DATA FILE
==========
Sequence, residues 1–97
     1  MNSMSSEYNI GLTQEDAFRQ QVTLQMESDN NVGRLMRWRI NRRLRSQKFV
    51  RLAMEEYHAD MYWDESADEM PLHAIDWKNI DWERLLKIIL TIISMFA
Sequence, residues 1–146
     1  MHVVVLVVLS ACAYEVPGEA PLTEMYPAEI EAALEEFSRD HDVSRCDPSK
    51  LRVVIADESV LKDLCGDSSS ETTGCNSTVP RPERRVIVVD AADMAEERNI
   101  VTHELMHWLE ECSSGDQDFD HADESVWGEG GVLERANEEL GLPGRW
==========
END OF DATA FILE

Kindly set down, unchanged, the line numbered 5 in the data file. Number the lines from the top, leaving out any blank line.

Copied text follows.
     1  MHVVVLVVLS ACAYEVPGEA PLTEMYPAEI EAALEEFSRD HDVSRCDPSK